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bahrom7893

  • 3 years ago

write e^(-2+i) in a+bi form

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  1. bahrom7893
    • 3 years ago
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    Is it: (1/e^2)*(Cos1 + iSin1) ?

  2. bahrom7893
    • 3 years ago
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    @satellite73

  3. bahrom7893
    • 3 years ago
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    a complex number in form: z = r*e^(i*theta) = r(Cos(theta)+iSin(theta))

  4. bahrom7893
    • 3 years ago
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    @phi

  5. swissgirl
    • 3 years ago
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    \( e^{i\theta} = Cos\theta + iSin\theta\) Ya thats what i Have seen around so I am assuming ur answer is correct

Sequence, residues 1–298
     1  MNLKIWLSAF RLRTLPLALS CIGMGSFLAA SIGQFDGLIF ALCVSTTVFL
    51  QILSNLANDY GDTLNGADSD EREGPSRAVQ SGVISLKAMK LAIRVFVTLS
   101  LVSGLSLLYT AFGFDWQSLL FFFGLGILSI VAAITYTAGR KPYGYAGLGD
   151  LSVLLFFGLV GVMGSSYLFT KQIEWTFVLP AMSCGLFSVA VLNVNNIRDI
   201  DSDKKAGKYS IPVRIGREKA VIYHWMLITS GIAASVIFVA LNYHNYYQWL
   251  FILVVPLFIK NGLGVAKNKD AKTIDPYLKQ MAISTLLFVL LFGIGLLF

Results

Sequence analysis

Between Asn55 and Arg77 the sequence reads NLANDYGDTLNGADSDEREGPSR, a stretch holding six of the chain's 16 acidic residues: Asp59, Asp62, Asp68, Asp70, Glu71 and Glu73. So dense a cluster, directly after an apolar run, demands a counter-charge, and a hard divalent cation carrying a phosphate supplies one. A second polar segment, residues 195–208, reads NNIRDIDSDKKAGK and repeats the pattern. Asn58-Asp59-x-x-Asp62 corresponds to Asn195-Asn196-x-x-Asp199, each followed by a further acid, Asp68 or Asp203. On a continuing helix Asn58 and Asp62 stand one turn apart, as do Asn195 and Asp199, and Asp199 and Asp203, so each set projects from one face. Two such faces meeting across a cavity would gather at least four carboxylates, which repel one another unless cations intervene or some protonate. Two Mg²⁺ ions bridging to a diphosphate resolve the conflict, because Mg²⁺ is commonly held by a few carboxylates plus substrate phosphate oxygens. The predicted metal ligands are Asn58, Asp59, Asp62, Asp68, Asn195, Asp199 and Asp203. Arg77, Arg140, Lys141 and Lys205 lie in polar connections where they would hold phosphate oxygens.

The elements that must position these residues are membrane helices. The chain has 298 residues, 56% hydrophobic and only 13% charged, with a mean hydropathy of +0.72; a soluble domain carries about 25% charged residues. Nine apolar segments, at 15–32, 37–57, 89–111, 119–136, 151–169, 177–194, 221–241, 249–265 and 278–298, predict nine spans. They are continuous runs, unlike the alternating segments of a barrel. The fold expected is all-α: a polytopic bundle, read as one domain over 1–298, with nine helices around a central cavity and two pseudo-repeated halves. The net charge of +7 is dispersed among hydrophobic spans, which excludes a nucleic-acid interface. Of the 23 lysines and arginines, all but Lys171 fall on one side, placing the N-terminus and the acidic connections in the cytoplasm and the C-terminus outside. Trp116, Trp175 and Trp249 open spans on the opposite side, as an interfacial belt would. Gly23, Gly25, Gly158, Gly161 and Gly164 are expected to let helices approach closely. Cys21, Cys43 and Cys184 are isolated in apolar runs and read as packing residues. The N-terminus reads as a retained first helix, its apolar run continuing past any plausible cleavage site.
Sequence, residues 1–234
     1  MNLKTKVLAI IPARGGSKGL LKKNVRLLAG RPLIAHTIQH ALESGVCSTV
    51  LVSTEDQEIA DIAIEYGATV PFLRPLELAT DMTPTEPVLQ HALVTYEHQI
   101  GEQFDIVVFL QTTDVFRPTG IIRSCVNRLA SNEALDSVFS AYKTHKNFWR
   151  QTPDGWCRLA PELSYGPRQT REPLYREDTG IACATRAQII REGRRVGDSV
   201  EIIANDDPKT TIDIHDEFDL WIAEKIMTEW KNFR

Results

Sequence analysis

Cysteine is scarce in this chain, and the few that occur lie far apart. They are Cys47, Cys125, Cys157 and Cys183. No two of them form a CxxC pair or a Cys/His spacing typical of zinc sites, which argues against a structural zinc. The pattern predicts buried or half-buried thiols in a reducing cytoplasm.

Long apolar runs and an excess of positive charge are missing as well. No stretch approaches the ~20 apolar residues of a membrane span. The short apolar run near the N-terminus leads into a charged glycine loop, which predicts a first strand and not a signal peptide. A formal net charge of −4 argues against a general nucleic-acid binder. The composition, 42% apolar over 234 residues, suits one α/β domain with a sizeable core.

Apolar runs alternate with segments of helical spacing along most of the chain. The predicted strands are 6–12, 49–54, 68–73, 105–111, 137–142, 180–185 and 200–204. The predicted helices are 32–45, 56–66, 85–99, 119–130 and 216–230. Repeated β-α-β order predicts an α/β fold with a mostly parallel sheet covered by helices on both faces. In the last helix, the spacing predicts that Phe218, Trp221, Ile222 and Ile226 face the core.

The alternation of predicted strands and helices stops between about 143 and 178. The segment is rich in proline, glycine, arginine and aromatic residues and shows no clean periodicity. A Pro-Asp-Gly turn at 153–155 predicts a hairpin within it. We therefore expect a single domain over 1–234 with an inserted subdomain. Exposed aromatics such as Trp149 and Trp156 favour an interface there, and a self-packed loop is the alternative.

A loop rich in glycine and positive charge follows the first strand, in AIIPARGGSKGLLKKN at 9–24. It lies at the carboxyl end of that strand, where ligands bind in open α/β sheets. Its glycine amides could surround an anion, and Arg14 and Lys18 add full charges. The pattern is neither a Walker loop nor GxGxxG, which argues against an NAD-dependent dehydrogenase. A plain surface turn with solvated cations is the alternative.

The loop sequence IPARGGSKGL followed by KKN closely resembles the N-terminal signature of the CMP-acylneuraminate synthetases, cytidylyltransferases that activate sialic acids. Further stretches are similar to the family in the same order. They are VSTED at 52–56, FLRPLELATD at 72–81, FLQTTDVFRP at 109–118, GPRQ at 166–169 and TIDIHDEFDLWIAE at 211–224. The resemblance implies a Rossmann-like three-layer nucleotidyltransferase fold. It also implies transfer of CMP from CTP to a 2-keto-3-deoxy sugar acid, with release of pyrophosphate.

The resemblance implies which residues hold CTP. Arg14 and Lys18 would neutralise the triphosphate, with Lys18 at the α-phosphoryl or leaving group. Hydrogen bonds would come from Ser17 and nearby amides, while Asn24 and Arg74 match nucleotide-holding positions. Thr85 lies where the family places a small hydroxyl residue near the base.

6. bahrom7893
    • 3 years ago
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    I guess.. it's just that I thought it would look somewhat neater

  7. bahrom7893
    • 3 years ago
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    well thanks everyone

  8. bahrom7893
    • 3 years ago
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    back to studying..

  9. anonymous
    • 3 years ago
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    start with \[e^{-2}e^i\] then oh, you get what you wrote

  10. anonymous
    • 3 years ago
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    since \(e^{ix}=\cos(x)+i\sin(x)\)

  11. kc_kennylau
    • 2 years ago
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    I've recently dealt with this kinda things before... let me think...

  12. kc_kennylau
    • 2 years ago
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    Wait oh satellite has already solved the problem, a=0 and b=\(\large e^{-2}\)

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